37. This is a DIY for anyone who wants to replace their crappy ~’99-’03 ignition switch with the upgraded switch/steering lock combo Porsche came out with in about ’04. I’ve seen this problem in both 996 and Boxster posts, so I suspect owners of both models may undergo this repair. I was able to do 90% of this from the driver’s seat rather than having to work under the dash. It may be possible from underneath, but I was glad not to have to do it. I’m sorry I don’t have pictures. Cameras just aren’t my thing. However, I will try to create very accurate descriptions in lieu. As far as DIYs go, it’s not so much difficult as time-consuming. The workspace is very tight; I’ve got small hands and forearms, but I still found it tough to reach certain bolts from time to time. Also, you need either very compact tools or the ability to improvise. For example, I put a Torx bit into a set of needle-nose Vise-Grips to get one screw out. Aside from these relatively minor issues, it’s not so bad. With that said, here we go… First things first: 1) Completely disconnect the battery. I can’t prove that total disconnection was necessary, but I also didn’t have the alarm go off suddenly. Better safe than deaf or shot by the neighbors. 2) Remove the rubber gasket around the ignition key. I could pull mine off just using my fingers. 3) Remove the left hand vent. There’s a nice writeup on this already; so I won’t repeat all of that here. http://www.renntech.org/forums/index.php?a...ost&id=6617 4) Once the vent is removed, remove the screw straight in the back back that holds the vent tube in place. 5) Now reach or crawl under the dash and remove the center horizontal vent tube under the steering column and the vertical one you just freed up in the step above. 6) Put on a long sleeve shirt. After working through the vent hole for a couple of hours, my forearm is pretty beat up today. I’ll save you the same realization… You’re now ready to start working on the issue at hand. 1) Reach to the back and disconnect the wiring harness from the ignition switch. It just goes straight off the back; no special clips there and don’t twist it. 2) Remove the immobilizer. It’s the black box on top of the steering lock housing. Unclip the little wiring harness on the front right. This one has a little catch on it so don’t just pull it out. There is a little plastic Phillips head near the key that you give a quarter-turn. Mine had ‘wings’ on the Phillips head that I could turn by hand. Once you’ve turned this, slide the immobilizer straight toward you along the top of the steering lock housing. That will free it up to remove. 3) Remove the key cylinder. Around the key hole is a silver beauty ring. Around the edge of that ring is a small hole. Make sure the hole is near the 7 o’clock position instead of near 1 o’clock. Mine had turned 180 degrees at some point and made this cylinder removal impossible until I figured that out. Insert your valet key (it’s just easier, but your regular remote key will work) and turn to position 1. Now stick a straightened paper clip (I used one of the larger, sturdier clips instead of a standard one) in as far as it will go. The cylinder should virtually fall out if you’ve done this right. If you’re having to tug on the key to pull it, try again. Carefully disconnect the electrical clip from the key cylinder. Leave both the key and clip in the cylinder and set the thing aside. 4) Disconnect the steering lock housing mounting screw near the key. This requires the same Torx bit you used to remove the side vent cover. I didn’t have a stubby Tork driver; so I clamped the bit into a pair of needle-nose Vise-Grips to get it loose. Once loosened, I could unscrew it by hand. Once the screw is out, swing the vertical mounting strut up and out of the way. 5) Disconnect the mounting bolt next to the steering column. A small 10mm ratchet worked for me. I didn’t have to put a wrench on the nut, but I had to use a bit of hand work to finally get the nut off and the bolt out. 6) Remove the steering lock housing. The trick here is that there is a spring-button that locks the housing into the steering column. You can see what you’re up against by looking at your replacement part. You depress the spring through a small hole on the steering column. I used a 2mm allen wrench to depress the button so that I could wiggle the housing out. Now you need to prep the new part. 1) Remove all of the clips from the old housing and attach them to the new one. There is a metal clip that secures the mounting screw near the key hole and two plastic wiring guide clips. I removed the plastic clips by punching out the center pins from the bottom (they are small and actually come completely out; don’t lose them) and then carefully squeezing the prongs until the clip came off. Attach them to the new part. 2) Put a little lubricant (just a light surface wiping, nothing more) on the housing surfaces that insert into the steering column. Install the new steering lock housing: 1) If the shiny silver steering lock ‘spear’ is extended from the housing, use a large flat blade screwdriver in the center of where the key cylinder would go and simulate turning the car on. This will retract the spear. 2) Insert the end of the housing into the steering column. This was the hardest part for me. I don’t know if the new part was just thousandths of an inch bigger or what, but it was 20 minutes of wiggling and jiggling that thing to get it in. Don’t forget that you will have to depress the little spring pin once it gets to the flange. I wasn’t sure I heard the spring pin pop into place in that hole; so I crawled under the dash to inspect it to be sure I seated the thing completely. 3) Replace the mounting screw near the key hole. By the way, I never replaced the 10mm bolt at the steering column. I couldn’t figure out how to restart the nut on the bolt, plus with that spring pin engaged, I can’t see how the housing could ever come out under normal use. 4) Reconnect the wiring harness to the ignition switch in the back. 5) Reconnect the immobilizer and its wiring clip. 6) Push the key cylinder in firmly (aligning it in the little guide on the top left of the steering lock housing) and pull the paper clip. It should be secured. Remove the key. Reconnect the tiny wiring clip to the key cylinder. 7) Reconnect the battery. 8) Start the car at this point to ensure that you’ve done everything right. If the car won’t start, something didn’t get reconnected properly or you have a different issue. Note: it is not necessary to have the headlight switch reassembled to start the car. If the car starts at this point, start replacing the rest of the stuff you pulled out. Start with the vent tubing. It was helpful to loosely attach the vertical tube with its screw before reconnecting the horizontal tube underneath. Once done underneath, tighten the vertical tube and replace everything else. Be very careful with the headlight switch reattachment as that lighted ring looks pretty fragile and the little bulbs have to fit exactly right into the plastic ring that covers it. Start ‘er up and hope that the new part is a thousand times more reliable than the one you replaced.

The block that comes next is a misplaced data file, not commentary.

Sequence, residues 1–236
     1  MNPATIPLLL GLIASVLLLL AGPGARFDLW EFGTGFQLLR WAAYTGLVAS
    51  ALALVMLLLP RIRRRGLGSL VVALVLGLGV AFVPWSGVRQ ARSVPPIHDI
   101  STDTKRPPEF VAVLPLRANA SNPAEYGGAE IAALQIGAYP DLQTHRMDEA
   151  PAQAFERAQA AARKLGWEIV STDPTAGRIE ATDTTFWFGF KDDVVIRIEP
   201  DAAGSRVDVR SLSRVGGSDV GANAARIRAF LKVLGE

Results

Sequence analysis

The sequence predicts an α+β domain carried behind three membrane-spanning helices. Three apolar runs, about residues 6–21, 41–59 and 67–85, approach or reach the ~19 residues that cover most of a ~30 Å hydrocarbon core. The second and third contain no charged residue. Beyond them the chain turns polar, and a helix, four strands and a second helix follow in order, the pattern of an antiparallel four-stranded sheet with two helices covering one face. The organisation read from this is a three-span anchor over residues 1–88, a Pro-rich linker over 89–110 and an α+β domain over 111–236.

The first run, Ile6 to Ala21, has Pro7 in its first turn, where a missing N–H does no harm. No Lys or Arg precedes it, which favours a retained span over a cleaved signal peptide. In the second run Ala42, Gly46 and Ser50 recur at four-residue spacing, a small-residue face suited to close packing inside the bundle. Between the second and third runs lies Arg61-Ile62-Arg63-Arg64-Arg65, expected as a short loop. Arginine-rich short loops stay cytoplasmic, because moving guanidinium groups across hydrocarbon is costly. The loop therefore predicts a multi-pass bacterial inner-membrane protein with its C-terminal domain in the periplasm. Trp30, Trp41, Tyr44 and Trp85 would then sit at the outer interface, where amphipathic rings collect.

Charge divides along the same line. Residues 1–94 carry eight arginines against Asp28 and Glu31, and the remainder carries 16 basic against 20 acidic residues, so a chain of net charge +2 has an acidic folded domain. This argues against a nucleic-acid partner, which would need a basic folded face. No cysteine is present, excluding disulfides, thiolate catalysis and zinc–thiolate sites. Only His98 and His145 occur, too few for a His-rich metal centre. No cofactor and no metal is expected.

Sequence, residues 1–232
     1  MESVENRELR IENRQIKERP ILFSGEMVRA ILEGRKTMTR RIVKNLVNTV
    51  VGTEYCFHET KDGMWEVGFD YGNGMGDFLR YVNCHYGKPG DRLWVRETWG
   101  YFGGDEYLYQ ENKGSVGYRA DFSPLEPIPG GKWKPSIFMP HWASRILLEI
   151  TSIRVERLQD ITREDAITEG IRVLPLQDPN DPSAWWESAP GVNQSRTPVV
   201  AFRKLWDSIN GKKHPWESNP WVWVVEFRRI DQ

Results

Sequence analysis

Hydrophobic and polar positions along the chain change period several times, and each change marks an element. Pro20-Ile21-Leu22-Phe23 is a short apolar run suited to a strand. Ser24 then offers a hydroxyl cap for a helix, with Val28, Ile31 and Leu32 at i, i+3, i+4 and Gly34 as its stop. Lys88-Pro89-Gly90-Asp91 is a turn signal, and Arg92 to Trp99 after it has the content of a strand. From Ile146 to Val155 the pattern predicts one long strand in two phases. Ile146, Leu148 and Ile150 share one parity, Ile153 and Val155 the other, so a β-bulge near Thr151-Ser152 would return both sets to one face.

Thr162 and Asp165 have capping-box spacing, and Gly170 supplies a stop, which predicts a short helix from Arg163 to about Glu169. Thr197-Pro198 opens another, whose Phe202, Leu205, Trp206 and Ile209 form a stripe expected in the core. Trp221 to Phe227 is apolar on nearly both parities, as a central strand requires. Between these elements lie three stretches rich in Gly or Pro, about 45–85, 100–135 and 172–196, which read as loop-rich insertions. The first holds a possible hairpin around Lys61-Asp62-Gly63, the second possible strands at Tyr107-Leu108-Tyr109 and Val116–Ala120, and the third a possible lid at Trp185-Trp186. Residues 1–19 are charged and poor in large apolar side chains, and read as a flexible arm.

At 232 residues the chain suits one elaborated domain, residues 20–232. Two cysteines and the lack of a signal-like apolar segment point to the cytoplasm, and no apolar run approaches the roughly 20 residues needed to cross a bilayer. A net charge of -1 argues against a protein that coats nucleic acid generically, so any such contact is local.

7 points